The House of Commons Access to Information, Privacy and Ethics Committee voted Tuesday to begin a special summer study to examine the RCMP’s use of spyware, calling on the national police force to be more transparent about the software it uses to conduct surveillance or collect data as part of its investigations.

MPs on the committee have decided to hold a series of meetings starting in August that will focus on determining which “device investigation tools” the RCMP uses, as well as the terms and conditions of using this software.

The committee has called for the RCMP to provide a list of warrants obtained, if any, for the use of this software, and are also seeking information related to the potential wiretapping of MPs, their parliamentary assistants, or any other Parliament of Canada employee.

As part of the study, MPs will be calling for any RCMP officers who have made decisions around the use of surveillance tools; Public Safety Minister Marco Mendicino; and the current and former federal privacy commissioners to testify, with the option to invite additional witnesses as desired.

Concerns over the RCMP’s use of spyware tools were sparked after documents tabled in the House of Commons in June shed new light on the police force’s use of spyware to conduct surveillance and collect data, including through accessing microphones and cameras of phones belonging to suspects of major criminal and national security investigations.

In the documents, the RCMP says the tools used by the Technical Investigation Services Covert Access and Intercept Team are used “primarily” to “covertly and remotely” access text messages and other private communications that couldn’t be collected using wiretaps or “other less intrusive investigative techniques.”

“Police sometimes need to use advanced technology-based capabilities to address investigative barriers such as those caused by encryption,” read part of the RCMP’s submission to the House of Commons. The agency also said that these “on-device investigate [sic] tools” were used 10 times between 2018-2022, and that “in every case, a judicial authorization was obtained” before the tools were deployed.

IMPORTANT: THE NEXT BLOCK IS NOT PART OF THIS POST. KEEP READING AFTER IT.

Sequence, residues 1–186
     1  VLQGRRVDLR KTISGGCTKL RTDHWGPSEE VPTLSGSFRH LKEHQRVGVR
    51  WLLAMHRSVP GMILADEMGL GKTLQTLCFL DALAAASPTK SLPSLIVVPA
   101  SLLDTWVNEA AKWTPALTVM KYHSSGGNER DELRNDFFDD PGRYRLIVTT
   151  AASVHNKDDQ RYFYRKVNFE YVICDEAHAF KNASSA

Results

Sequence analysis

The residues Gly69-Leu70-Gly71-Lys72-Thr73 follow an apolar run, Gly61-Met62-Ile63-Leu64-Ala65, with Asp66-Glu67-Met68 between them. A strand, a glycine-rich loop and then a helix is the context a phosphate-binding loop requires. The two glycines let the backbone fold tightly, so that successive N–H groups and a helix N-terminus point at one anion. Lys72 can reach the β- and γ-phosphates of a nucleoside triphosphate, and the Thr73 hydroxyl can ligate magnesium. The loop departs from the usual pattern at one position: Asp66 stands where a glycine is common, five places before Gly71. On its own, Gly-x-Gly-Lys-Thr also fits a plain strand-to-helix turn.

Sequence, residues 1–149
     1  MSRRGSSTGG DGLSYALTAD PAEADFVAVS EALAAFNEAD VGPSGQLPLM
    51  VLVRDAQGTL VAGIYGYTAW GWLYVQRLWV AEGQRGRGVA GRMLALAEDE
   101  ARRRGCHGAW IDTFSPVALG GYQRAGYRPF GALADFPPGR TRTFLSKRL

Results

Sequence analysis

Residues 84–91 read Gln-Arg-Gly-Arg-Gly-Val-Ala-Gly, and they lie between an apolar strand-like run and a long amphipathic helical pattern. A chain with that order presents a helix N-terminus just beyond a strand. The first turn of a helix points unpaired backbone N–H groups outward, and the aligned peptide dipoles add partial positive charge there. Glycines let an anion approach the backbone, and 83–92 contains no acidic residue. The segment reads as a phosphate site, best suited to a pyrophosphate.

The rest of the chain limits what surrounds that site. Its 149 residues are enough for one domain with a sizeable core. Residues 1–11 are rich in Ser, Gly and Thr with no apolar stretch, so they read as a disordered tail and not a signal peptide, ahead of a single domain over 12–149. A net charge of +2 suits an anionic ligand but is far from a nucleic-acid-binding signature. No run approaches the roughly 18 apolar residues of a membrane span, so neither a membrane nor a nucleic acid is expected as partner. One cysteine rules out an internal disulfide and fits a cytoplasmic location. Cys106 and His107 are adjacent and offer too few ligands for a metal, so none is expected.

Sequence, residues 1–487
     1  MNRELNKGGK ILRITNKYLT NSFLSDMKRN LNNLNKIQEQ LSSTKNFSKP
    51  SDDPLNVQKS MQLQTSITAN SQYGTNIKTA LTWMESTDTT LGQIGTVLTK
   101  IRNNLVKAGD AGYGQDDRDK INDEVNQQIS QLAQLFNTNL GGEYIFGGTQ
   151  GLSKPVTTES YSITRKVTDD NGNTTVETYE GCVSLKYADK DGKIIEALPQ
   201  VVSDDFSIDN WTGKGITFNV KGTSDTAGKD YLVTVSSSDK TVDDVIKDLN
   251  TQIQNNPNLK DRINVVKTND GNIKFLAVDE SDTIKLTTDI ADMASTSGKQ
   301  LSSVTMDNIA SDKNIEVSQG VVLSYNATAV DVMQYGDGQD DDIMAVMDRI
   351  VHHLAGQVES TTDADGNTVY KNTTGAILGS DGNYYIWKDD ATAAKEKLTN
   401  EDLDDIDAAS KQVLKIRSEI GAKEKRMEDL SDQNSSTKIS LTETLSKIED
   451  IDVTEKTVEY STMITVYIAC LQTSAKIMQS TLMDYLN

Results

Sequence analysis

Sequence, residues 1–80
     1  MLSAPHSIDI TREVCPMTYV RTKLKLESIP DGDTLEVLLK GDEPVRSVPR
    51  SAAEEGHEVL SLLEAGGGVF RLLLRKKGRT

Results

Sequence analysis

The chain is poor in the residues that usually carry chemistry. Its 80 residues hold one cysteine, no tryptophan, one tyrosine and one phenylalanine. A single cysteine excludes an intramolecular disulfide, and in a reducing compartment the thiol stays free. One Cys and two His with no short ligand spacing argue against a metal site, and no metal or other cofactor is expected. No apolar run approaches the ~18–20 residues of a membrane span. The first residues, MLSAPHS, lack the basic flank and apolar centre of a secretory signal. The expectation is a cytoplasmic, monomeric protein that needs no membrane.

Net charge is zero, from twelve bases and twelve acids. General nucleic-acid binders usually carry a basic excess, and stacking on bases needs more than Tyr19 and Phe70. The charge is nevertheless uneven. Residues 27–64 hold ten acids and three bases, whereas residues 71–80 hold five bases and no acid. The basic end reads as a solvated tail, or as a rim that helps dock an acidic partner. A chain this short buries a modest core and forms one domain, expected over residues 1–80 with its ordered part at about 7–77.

Bloc Quebecois MP and committee vice-chair Rene Villemure proposed the motion, telling his colleagues during a meeting on Tuesday to discuss taking up the study, that while concerns were raised in the Commons when the disclosure was first made by the national police force, questions remain.

“This document should be clarified. And the questions I would put have to do with this document. There are no accusations, we’re looking into things,” he said in French.

On the heels of the RCMP confirming it uses these tools, the Canadian Civil Liberties Association (CCLA) expressed concern about police in Canada using spyware against Canadians in targeted investigations.

“What we don’t know is vast. What kinds of investigations are deemed serious enough to use such invasive tools? What tools are being used, and who supplies them? Is it one of the many vendors of spyware known for selling such tools to authoritarian states who use it to target human rights defenders and journalists? What are the internal decision and authorization processes undertaken to authorize this nuclear option for surveillance of Canadians?” asked Brenda McPhail, the CCLA’s director of privacy technology and surveillance program in a statement calling for an open discussion on the use of these tools.

The proposal for this study was met with resistance from the Liberal members of the committee, who expressed hesitations over whether the panel of MPs was best placed to take on this work, attempting unsuccessfully to amend the motion to limit its scope.

“I agree with my colleagues, it’s important to hold our institutions to account but it’s also important at the same time to ensure that there is trust in public institutions that’s maintained at the same time,” said Liberal MP and committee vice-chair Iqra Khalid during Tuesday’s meeting. She suggested the subject matter may be better placed with the top-secret National Security Intelligence Committee of Parliamentarians (NSICOP).

“I understand that members would like to have that conversation in a more public forum, which obviously restricts the ability of us to ask those classified questions which we may not get answers to, or to receive those classified documents which we may not receive, because of the sensitive nature of this,” said Khalid.

Conservative MP and committee member James Bezan said he disagreed, and that the issue was something the committee should be delving into.

“I think that we want to be very cautious on how we deal with it, including on issues of national security. But, we don’t want the RCMP to use the guise of national security or public safety as a way to pull the veil over this information, and hide it from parliamentarians,” Bezan said.

The committee is aiming to finalize its study and submit a report to the House of Commons by the start of the fall sitting, on Sept. 19.

This content was originally published here.